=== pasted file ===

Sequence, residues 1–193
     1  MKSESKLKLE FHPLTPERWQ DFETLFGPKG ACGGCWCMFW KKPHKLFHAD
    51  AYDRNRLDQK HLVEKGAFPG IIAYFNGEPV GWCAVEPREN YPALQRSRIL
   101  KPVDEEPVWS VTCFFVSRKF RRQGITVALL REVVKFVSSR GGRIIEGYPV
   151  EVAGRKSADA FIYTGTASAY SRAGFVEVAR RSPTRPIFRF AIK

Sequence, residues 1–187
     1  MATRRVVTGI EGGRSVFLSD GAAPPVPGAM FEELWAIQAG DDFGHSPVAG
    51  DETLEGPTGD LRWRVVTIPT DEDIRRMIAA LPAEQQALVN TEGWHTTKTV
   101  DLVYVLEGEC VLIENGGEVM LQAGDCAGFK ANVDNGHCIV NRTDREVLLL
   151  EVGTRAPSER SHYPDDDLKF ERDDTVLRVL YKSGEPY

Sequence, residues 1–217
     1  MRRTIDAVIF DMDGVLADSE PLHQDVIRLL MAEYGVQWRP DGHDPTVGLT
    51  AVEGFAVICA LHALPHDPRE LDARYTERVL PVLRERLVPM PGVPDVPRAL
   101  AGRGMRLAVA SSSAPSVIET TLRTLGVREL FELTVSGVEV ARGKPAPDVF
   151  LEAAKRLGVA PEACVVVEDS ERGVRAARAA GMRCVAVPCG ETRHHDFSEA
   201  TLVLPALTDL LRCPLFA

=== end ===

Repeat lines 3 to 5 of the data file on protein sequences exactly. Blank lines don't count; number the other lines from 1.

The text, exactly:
    51  AYDRNRLDQK HLVEKGAFPG IIAYFNGEPV GWCAVEPREN YPALQRSRIL
   101  KPVDEEPVWS VTCFFVSRKF RRQGITVALL REVVKFVSSR GGRIIEGYPV
   151  EVAGRKSADA FIYTGTASAY SRAGFVEVAR RSPTRPIFRF AIK